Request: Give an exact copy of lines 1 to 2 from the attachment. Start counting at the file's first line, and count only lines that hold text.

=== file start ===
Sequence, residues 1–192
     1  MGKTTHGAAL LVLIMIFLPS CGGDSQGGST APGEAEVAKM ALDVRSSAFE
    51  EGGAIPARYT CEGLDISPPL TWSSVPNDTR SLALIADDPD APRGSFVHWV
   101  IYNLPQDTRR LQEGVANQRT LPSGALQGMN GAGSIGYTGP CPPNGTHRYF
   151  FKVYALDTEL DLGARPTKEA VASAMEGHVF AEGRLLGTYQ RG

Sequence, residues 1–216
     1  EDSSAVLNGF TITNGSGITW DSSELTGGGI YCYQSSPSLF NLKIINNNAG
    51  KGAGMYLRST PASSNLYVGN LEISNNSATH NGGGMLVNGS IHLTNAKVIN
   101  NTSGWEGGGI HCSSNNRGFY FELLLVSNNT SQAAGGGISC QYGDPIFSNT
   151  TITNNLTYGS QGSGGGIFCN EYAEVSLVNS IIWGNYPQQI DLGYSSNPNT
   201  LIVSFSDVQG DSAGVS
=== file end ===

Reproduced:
Sequence, residues 1–192
     1  MGKTTHGAAL LVLIMIFLPS CGGDSQGGST APGEAEVAKM ALDVRSSAFE